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TON - October 2019, Vol 12, No 5

The October issue of The Oncology Nurse-APN/PA (TON) is filled with important news and insights for today’s oncology nurse. We begin our coverage with a profile of the Allegheny Health Network Cancer Institute, Pittsburgh, PA, as we speak with Anna Vioral, PhD, Med, RN, OCN, BMTCN, who discusses her professional responsibilities at the center, and her recent appointment to the Board of Directors of the Oncology Nursing Certification Corporation (see page 1).
Ovarian cancer is a very difficult disease to diagnose and is the most lethal gynecologic malignancy, being the fifth leading cause of cancer death in women in the United States. A woman’s risk for developing ovarian cancer in her lifetime is approximately 1 in 78, and her lifetime risk for dying of the disease is approximately 1 in 108. The disease was previously thought to begin in the ovaries, but recent research suggests that many ovarian cancers may actually start in the distal end of the fallopian tubes. The following provides key statistics and other helpful information regarding ovarian cancer.
Allegheny Health Network (AHN) is a large, integrated healthcare system that provides care to patients throughout western Pennsylvania. As part of this network, the AHN Cancer Institute (AHNCI), offers personalized, high-quality cancer care to patients at >20 locations in and around the Pittsburgh area. The institute uses the latest, most effective anticancer therapies, and through its partnership with Johns Hopkins Kimmel Cancer Center, can offer patients access to clinical trials as well as combined expertise when second opinions are necessary.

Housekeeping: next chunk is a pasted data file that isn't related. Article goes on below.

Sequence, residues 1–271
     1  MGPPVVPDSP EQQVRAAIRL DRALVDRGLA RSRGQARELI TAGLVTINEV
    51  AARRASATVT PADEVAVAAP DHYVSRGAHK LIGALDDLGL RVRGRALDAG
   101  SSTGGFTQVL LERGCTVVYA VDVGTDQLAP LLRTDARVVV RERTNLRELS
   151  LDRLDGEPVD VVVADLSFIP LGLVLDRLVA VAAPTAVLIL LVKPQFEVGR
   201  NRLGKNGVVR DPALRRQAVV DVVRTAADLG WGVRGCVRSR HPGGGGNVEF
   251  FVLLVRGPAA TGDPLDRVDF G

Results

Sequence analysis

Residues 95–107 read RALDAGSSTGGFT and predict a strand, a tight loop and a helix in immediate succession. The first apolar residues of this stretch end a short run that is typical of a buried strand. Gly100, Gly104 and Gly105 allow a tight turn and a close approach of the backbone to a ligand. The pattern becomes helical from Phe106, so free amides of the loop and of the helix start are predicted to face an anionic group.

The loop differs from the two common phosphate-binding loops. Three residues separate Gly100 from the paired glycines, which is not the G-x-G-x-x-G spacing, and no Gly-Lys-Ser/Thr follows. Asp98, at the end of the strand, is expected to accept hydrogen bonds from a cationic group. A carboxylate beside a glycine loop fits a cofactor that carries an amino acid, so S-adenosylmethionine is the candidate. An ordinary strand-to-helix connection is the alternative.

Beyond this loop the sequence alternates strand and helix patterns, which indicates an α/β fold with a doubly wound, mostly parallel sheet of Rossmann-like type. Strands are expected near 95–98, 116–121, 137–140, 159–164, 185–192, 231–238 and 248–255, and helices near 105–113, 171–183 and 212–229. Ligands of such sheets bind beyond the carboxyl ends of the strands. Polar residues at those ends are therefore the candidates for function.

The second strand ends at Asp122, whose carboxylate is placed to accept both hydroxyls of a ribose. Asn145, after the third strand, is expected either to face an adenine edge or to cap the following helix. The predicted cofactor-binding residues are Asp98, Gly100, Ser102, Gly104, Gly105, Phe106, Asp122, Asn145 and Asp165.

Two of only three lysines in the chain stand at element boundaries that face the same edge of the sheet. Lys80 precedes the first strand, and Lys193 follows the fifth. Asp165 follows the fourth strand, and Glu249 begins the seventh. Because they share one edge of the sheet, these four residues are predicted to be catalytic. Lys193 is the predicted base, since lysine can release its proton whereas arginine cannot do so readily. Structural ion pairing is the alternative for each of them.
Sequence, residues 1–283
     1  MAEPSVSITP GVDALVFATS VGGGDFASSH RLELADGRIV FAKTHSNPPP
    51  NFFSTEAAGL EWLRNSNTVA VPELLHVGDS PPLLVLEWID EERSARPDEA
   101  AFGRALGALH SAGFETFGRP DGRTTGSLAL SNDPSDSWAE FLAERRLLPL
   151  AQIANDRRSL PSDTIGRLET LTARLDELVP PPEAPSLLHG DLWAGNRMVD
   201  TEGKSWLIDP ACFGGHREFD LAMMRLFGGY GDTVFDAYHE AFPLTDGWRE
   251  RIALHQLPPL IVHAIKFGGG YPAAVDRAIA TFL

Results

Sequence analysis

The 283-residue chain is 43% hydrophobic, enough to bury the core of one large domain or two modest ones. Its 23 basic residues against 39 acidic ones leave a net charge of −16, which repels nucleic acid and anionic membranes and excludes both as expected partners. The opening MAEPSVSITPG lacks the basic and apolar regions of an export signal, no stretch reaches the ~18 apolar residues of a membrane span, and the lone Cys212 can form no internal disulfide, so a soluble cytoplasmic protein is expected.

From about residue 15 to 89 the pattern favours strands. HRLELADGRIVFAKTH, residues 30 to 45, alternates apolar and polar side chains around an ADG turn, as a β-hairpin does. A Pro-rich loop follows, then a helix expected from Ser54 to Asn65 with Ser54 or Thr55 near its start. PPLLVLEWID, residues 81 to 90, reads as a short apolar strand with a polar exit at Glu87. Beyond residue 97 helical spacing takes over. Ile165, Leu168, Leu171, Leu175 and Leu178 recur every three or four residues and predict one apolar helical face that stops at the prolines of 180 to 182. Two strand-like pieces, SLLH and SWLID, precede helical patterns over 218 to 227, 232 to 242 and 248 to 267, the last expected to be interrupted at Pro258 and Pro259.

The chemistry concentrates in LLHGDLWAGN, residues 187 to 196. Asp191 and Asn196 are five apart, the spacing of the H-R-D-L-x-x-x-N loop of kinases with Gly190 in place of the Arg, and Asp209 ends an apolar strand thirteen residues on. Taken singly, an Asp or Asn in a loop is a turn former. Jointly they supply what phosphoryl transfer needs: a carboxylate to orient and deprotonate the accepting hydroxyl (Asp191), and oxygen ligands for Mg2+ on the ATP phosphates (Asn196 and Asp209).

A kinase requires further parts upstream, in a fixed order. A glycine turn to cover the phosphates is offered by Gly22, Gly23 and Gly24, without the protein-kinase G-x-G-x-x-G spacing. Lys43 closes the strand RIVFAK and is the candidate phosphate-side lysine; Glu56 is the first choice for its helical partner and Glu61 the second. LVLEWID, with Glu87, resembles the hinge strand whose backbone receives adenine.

Chicago, IL—Approximately 25% of children, adolescents, and young adults with advanced cancer were eligible for a targeted therapy after genotyping of their tumors in the Pediatric Molecular Analysis for Therapy Choice (MATCH) clinical trial. That rate is more than double the 10% that researchers had projected.
Anaheim, CA—Good communication skills are essential for providing high-quality cancer care. However, communicating effectively becomes more complicated when patients have received a poor prognosis. At the 2019 Oncology Nursing Society 44th Annual Congress, Andria Caton, BSN, RN, OCN, CHPN, Assistant Nurse Manager, Northeast Georgia Medical Center, Gainesville, provided oncology nurses with strategies for improving communication with patients and their families during end-of-life care.
San Francisco, CA—Patients can be taught via neurofeedback to modify their brainwave activity and decrease the sensations of chemotherapy-induced peripheral neuropathy (CIPN), according to Sarah Prinsloo, PhD, LMFT, LPC, Assistant Professor, Department of Palliative, Rehabilitation, and Integrative Medicine, Division of Cancer Medicine, M.D. Anderson Cancer Center, Houston, TX.
  • New Triple-Drug Regimen for Newly Diagnosed Patients with Multiple Myeloma
  • Alpelisib Prolongs Progression-Free Survival in Advanced Breast Cancer with PIK3CA Mutation
  • Long-Term Outcomes Affect Cost-Effectiveness of CAR T-Cell Therapy for DLBCL
San Francisco, CA—The human papillomavirus (HPV) has changed the field of head and neck cancer, and HPV now causes a growing majority (70%-90%) of oropharyngeal squamous-cell carcinomas. As its incidence is rising in the United States, so is patient curiosity about what sets this cancer apart from other malignancies.
San Francisco, CA—Adolescent and young adult (AYA) patients with cancer consistently indicate the need for better communication from their oncology providers on matters concerning sexual health. Despite misconceptions that the topic may embarrass them or fall on deaf ears, surveys show that AYAs actually want to talk to their providers about topics such as dating, safe sex practices during treatment, contraception, body image, sexuality, fertility, and psychosexual adjustment.
Chicago, IL—Expanded data from an early phase 1/2 clinical trial showed that treatment with repotrectinib, an investigational tyrosine kinase inhibitor (TKI) with potent selectivity against tumors with ROS1 rearrangement, induced a response in 9 of 11 patients with TKI-naïve, ROS1-fusion–positive non–small-cell lung cancer (NSCLC).
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